If you could have a gigantic billboard anywhere with anything on it —metaphorically speaking, getting a message out to millions or billions — what would it say and why? It could be a few words or a paragraph. (If helpful, it can be someone else’s quote: Are there any quotes you think of often or live your life by?)

“Check in.”

Check in with yourself, your family and your staff.

The whole world needs to focus on the person first.


What is one of the best or most worthwhile investments you’ve ever made? (Could be an investment of money, time, energy, etc.) 

Moving to the UK from South Africa. At the start of the journey, it didn’t seem like the best choice and we spent everything we had to move over, with nothing but a few bags of clothing, our dog and some personal items. We had to start from scratch, and in that I learned so much about myself, other people and the idea of opportunity. Life in the tip of Africa can be so isolating from the perspective of having to work to afford so little, whereas in the UK, the world is my oyster and I feel very lucky to be able to live here,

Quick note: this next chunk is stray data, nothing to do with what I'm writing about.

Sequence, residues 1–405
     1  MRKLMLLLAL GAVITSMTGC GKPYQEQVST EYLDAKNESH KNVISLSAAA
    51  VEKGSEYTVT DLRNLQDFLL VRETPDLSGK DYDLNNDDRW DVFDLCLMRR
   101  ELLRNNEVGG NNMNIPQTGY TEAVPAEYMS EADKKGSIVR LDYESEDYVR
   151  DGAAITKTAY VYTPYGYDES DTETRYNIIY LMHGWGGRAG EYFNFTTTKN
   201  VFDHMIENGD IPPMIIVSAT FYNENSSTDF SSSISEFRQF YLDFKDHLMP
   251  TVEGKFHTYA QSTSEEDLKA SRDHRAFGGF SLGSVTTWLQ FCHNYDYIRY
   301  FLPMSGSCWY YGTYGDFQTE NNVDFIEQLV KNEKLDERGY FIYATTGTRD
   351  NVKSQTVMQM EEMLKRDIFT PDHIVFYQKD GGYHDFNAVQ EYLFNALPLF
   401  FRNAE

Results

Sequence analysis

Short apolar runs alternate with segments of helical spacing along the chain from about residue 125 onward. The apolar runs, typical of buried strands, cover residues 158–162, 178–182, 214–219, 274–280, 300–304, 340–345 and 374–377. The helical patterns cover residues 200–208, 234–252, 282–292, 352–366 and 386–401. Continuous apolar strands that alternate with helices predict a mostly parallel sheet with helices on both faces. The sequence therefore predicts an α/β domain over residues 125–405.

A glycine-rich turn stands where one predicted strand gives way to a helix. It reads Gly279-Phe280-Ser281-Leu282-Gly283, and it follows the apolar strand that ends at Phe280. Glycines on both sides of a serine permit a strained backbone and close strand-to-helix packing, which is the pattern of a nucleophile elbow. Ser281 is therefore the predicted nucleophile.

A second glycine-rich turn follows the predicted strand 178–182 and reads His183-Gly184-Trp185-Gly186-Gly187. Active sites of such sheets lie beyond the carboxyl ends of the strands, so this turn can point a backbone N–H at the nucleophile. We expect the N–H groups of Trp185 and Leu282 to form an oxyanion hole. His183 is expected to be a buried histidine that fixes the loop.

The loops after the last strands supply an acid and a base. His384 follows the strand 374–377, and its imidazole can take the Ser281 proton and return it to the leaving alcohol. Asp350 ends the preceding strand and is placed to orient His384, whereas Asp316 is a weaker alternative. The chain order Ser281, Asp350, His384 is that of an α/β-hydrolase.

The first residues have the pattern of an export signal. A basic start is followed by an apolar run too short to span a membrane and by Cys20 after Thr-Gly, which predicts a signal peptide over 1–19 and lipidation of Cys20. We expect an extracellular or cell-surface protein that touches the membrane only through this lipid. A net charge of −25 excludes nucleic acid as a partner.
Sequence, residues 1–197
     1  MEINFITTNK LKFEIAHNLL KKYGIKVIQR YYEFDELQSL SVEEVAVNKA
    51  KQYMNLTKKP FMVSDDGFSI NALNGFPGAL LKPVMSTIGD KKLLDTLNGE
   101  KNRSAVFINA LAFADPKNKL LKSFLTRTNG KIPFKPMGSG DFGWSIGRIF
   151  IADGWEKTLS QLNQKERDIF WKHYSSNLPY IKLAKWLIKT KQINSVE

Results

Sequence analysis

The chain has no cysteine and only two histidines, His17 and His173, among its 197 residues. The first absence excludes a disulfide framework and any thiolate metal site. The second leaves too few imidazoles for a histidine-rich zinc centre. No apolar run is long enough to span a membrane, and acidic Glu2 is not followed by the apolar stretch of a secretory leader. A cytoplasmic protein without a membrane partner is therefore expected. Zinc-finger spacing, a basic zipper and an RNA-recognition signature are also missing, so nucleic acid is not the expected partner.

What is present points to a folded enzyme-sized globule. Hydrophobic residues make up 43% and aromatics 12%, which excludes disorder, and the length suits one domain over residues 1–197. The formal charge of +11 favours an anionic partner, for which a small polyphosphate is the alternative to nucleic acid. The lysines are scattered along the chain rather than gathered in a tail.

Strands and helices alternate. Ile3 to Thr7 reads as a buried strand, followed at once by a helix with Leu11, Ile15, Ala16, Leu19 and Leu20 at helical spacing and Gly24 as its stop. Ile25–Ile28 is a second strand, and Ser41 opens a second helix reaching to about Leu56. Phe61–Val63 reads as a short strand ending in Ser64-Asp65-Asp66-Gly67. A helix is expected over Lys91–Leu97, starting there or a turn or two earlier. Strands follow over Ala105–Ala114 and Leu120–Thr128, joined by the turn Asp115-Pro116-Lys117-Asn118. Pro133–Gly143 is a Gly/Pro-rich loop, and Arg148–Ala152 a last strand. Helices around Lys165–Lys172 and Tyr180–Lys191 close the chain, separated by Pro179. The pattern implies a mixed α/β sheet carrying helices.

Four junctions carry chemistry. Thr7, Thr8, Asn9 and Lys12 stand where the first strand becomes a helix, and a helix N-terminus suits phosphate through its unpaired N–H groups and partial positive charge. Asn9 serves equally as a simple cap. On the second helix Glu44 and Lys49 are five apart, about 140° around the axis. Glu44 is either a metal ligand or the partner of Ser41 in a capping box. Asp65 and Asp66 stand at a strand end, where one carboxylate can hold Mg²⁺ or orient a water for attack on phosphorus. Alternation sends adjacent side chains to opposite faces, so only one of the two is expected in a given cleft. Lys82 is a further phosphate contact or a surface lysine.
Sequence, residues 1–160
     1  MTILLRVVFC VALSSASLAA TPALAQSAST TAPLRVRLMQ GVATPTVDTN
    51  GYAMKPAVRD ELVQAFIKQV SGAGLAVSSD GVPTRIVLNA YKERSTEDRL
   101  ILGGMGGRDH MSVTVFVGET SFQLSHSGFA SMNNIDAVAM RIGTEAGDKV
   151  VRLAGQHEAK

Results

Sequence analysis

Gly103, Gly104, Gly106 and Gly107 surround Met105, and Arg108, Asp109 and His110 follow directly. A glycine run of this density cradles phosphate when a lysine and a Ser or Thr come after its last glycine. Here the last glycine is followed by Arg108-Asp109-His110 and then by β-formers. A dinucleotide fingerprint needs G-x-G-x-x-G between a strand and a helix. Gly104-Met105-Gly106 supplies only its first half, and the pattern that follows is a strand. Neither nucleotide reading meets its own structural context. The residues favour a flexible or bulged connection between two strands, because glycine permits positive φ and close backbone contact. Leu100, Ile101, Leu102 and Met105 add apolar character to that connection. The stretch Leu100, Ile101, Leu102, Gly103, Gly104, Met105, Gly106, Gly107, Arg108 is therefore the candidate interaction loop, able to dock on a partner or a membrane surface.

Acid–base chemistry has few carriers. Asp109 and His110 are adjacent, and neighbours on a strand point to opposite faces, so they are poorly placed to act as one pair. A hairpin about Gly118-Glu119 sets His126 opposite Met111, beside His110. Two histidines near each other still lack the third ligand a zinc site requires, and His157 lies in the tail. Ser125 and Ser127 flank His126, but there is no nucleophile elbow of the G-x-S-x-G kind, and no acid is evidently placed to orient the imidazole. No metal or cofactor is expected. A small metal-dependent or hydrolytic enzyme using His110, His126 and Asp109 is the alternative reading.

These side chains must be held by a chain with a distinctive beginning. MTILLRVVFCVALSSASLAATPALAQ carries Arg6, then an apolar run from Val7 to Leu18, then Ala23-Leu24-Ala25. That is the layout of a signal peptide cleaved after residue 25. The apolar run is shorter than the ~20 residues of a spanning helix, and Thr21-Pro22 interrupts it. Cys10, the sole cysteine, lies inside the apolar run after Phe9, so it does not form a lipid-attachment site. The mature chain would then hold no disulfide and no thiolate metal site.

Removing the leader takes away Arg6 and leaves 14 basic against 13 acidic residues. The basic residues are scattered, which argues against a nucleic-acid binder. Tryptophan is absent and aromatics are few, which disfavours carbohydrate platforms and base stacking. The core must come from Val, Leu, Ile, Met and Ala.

What is an unusual habit or an absurd thing that you love?

This is a bit weird but since lockdown and the culture of Zoom I enjoy catching other women looking at themselves in their own camera to see if they look OK. It’s an unmissable “look” and it’s often only a quick glimpse, but it adds such a great human aspect back into our new digital way of working. 


In the last five years, what new belief, behaviour, or habit has most improved your life?

A friend gifted me sessions with a postpartum doula and she inspired me to find meaning in different situations by looking at mundane and anxiety-filled tasks as rituals, ceremonies and celebrations. I think I used to create these subconsciously to cope, but now I do them every day consciously to practise gratitude. For example, after putting my little girl to bed at night, my sigh of relief is of course for the fact that she is down. But it is also an exhalation of gratitude that she has this incredibly safe and warm space to sleep at night. Putting her to sleep is a ritual of gratification every night,